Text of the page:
Wish I could find a helper - Seems to have impressed the Major too! :)





Edited by BANYAN
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I am going to back up here and discuss the process I used for masting the Harriet Lane


The plans and instructions are rather basic concerning the masts.  Since the HL is built by one of the more famous American Clipper Ship builders (William Webb of New York), I used the information contained in Underhill's Masting & Rigging the Clipper Ship & Ocean Carrier.  On page 249, he provides a set of formulae that can be used to determine the size and tapering (also in Table 5, page 250).


The total length of the lower fore mast above the deck from the plans is 4.5" (converts to about 54 feet).  Extending this down to the heel tenon (where it mounts to the keelson) is 5.5" or 66 feet.  The given diameter at the base using Underhill is 22 inches, the first quarter tapers to 21 5/8, second quarter to 20.5, third quarter to 18 7/8.  The diameter is 16 1/2 at the hounds and at the head is 13 13/16.


Where the lower foremast passes through the deck, the diameter is about 21 5/8 inches or 5/32" diameter at scale.  This tapers toward the top to about 3/32" that gets squared off to fit the mast cap.  I wound up replacing the mast cap that was supplied with one carved from some of the extra wood in the kit.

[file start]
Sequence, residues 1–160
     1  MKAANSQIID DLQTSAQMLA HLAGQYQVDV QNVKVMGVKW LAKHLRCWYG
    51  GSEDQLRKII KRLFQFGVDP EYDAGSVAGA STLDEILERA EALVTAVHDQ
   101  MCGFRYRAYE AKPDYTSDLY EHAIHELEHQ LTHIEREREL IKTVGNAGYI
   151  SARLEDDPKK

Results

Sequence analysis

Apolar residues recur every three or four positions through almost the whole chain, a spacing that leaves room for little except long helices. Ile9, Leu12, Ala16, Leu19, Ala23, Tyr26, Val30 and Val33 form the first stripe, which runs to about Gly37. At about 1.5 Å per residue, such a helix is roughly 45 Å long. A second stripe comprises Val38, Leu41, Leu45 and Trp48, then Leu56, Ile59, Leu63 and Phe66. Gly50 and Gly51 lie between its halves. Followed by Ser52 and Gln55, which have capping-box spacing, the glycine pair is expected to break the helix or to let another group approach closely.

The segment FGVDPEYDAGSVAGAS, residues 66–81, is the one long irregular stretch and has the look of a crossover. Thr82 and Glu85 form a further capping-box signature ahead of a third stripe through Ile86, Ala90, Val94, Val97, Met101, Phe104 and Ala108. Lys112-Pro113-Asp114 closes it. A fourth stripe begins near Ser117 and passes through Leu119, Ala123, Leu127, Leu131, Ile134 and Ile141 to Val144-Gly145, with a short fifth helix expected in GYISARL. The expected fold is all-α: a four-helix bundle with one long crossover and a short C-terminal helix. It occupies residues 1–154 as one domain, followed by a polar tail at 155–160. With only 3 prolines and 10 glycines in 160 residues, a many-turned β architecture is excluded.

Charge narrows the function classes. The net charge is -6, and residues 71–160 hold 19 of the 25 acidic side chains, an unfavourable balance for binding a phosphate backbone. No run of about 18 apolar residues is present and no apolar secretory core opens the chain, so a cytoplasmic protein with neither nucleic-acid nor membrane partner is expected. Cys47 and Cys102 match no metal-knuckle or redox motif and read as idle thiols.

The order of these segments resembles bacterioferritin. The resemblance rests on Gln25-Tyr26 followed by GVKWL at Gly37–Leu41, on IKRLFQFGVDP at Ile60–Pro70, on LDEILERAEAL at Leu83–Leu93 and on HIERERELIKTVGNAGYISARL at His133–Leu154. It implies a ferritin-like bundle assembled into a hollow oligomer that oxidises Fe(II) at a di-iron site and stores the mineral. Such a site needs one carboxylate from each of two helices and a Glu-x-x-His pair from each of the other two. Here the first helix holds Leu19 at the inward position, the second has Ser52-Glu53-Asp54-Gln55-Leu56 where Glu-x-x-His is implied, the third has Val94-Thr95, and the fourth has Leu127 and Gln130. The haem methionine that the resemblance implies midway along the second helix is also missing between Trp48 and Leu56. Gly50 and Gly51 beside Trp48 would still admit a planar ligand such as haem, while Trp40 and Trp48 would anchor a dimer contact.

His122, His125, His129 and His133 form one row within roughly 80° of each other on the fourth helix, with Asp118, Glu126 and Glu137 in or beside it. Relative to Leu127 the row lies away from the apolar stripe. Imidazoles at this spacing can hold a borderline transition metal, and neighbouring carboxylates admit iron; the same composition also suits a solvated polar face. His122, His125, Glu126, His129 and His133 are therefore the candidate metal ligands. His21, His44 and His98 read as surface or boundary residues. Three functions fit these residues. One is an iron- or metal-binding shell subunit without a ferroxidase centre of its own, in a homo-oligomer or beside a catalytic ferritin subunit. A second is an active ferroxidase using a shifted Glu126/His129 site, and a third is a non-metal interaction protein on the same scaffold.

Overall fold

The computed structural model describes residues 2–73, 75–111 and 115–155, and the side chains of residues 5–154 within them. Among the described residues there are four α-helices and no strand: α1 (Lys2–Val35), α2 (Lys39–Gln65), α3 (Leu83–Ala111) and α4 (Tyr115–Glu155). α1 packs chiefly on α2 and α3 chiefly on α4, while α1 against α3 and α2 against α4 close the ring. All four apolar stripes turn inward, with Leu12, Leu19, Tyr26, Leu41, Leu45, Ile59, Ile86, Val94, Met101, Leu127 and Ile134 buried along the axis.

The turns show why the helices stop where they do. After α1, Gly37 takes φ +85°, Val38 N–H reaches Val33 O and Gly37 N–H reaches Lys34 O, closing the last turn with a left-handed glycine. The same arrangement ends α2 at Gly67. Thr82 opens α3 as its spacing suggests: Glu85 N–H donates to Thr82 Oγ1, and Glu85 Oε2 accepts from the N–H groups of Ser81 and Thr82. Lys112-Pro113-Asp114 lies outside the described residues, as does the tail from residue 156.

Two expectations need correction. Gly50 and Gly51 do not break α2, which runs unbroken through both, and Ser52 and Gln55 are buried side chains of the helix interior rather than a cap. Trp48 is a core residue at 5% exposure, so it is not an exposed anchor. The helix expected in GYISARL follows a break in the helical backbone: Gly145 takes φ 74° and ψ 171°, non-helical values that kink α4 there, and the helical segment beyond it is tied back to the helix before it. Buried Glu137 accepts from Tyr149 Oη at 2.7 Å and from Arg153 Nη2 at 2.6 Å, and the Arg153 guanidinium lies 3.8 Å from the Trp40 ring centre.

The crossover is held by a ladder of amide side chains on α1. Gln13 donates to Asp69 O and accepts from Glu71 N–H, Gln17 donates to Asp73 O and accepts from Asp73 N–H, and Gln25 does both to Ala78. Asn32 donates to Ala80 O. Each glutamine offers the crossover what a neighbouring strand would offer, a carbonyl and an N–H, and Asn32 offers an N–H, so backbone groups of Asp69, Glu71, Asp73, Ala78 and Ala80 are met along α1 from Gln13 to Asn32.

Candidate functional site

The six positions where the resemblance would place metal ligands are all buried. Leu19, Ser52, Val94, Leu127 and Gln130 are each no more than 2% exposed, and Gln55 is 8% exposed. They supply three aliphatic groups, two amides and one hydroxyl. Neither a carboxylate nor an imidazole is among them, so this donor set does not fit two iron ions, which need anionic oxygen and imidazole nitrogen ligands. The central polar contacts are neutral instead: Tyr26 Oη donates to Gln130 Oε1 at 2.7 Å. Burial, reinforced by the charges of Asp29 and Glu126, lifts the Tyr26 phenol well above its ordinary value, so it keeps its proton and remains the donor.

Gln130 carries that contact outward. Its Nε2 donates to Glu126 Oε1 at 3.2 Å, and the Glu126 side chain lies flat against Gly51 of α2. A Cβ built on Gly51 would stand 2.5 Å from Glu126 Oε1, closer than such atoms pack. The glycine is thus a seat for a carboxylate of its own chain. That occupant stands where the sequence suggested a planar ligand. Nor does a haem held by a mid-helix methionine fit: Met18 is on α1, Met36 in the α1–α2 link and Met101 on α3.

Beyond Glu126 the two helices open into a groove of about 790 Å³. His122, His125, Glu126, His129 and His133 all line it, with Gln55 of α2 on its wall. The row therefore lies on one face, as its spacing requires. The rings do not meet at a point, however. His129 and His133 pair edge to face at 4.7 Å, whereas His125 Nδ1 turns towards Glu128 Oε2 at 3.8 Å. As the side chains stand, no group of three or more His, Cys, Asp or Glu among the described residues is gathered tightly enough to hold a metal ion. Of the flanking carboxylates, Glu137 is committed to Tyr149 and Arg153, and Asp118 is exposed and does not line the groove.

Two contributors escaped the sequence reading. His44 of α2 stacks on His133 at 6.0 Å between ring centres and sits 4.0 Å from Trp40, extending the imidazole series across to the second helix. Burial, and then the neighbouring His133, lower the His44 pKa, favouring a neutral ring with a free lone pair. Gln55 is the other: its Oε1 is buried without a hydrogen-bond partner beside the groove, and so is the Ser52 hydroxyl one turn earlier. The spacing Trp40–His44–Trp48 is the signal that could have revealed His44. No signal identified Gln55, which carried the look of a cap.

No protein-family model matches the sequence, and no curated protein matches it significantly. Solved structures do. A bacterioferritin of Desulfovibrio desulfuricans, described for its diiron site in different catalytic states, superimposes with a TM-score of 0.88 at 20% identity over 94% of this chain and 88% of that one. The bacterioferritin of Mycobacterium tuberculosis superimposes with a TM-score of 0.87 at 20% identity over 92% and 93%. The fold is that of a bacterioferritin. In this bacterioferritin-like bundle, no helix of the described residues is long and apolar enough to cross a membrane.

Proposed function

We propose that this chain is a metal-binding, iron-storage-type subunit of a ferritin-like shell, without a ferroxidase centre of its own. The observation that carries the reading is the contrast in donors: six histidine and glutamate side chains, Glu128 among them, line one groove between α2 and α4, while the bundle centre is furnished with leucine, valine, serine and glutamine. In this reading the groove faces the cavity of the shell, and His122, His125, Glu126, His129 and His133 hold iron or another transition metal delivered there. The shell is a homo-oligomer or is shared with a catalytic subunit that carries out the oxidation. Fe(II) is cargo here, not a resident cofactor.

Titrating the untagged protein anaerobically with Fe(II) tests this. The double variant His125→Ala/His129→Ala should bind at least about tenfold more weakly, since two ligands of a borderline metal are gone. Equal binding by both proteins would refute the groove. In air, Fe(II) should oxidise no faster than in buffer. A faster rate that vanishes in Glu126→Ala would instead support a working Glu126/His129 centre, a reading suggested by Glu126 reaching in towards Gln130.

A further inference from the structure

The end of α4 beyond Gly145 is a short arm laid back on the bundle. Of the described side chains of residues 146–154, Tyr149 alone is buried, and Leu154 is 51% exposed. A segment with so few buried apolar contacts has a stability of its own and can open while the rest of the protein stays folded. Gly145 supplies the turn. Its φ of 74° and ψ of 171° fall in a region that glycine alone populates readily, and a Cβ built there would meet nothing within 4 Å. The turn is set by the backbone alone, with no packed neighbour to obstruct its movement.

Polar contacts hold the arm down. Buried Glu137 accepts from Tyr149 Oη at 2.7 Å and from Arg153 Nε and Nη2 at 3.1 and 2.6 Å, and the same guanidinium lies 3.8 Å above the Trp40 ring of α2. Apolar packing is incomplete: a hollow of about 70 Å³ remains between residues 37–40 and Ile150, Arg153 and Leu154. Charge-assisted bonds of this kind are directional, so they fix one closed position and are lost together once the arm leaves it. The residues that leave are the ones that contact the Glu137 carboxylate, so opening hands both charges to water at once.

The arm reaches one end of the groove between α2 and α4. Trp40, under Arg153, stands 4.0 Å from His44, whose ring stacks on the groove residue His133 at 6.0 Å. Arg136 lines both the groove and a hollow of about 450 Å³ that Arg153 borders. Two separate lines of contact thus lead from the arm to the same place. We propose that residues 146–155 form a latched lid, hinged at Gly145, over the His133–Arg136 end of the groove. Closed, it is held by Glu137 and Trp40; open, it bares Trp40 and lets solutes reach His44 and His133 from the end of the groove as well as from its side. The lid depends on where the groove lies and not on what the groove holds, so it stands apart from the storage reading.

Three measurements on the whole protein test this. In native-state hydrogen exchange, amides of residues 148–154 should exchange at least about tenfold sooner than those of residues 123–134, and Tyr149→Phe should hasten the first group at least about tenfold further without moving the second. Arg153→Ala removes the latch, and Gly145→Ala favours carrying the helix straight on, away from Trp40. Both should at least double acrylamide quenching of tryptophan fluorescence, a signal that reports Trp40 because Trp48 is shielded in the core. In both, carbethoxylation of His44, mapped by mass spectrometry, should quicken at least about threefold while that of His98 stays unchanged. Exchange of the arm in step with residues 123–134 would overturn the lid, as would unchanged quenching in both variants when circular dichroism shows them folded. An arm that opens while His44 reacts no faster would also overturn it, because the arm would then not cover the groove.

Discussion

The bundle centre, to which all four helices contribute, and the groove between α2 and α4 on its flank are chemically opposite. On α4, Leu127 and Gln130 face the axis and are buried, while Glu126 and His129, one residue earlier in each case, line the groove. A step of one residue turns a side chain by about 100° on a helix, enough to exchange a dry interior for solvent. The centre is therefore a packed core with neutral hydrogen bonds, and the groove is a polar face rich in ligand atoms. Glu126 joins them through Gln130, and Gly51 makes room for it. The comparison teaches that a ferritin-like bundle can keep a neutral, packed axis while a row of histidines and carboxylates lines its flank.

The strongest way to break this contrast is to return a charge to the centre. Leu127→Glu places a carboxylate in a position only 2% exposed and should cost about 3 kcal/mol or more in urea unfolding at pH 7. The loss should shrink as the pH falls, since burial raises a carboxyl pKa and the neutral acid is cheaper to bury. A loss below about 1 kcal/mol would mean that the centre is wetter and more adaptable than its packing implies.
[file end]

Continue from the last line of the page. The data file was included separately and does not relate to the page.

Nice and confusing, huh?


Basically, I sanded the provided dowel to get a smooth finish, then tapered it via sanding from 5/32" at the deck to 3/32" at the mast cap.  The same process is used for the main mast - which has, essentially, the same dimensions.


I did things a bit differently for the topmast - used the same reference in Underhill, but since I had a systems failure (my original topmast broke) I built the new one out of square stock, which was handy since the base of the topmast where it fits into the tree is square. 


Will describe that process in a later post!

Edited by trippwj